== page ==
This week, at a meeting of experts attending the American Society for Microbiology (ASM) in Washington, D.C., Ron Fouchier of the Erasmus Medical Center who led one of two groups that developed the man-made strain of H5N1 told his colleagues that two misconceptions about his work have circulated in the media.
The first is that the strain he generated in the lab was easily spread, Fouchier said. In testing the transmissibility of the virus among ferrets in the lab (ferrets are often used to study flu because the animals are a good model for how humans would respond to the virus), he found that, in fact, not all healthy ferrets that were exposed to the coughs and sneezes of sick animals became infected.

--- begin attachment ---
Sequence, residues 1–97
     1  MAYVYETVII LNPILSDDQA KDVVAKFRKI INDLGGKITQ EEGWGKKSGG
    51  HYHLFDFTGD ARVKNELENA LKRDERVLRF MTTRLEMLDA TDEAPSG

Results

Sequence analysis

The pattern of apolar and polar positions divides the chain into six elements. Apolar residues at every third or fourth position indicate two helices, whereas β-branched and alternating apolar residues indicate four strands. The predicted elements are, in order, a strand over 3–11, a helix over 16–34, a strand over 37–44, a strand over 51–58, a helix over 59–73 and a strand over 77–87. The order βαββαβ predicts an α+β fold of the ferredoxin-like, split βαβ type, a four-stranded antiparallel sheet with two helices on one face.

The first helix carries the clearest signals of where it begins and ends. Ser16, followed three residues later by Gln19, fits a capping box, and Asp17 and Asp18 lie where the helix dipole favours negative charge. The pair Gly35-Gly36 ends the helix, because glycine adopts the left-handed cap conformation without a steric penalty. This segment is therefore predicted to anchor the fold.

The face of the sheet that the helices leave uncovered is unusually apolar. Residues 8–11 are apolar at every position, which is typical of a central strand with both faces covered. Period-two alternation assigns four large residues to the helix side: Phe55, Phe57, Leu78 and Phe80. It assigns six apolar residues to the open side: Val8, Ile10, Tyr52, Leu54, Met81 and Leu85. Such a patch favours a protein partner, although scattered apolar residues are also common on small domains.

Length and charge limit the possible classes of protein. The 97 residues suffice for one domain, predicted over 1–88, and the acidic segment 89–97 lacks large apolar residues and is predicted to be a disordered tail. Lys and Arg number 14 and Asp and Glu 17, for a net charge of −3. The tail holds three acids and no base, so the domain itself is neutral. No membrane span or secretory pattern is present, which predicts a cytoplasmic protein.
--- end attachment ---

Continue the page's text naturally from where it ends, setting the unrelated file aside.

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The second misconception, Fouchier said, is that the virus is highly lethal. Ferrets that became infected in the lab didn’t get very sick or die. They did not get as sick as those infected with the commonly circulating version of H5N1. “This virus does not spread like the pandemic or seasonal flu,” he told the experts gathered at the ASM meeting.
In the real world, H5N1 is thought to be highly lethal to humans. Although it infects people uncommonly, it appears to be deadly when it does. Of 587 human cases of bird flu confirmed by the World Health Organization (WHO) since 2003, nearly 60% have died (though some researchers say the actual mortality rate, if you take into account all the cases that don’t get reported, is much lower).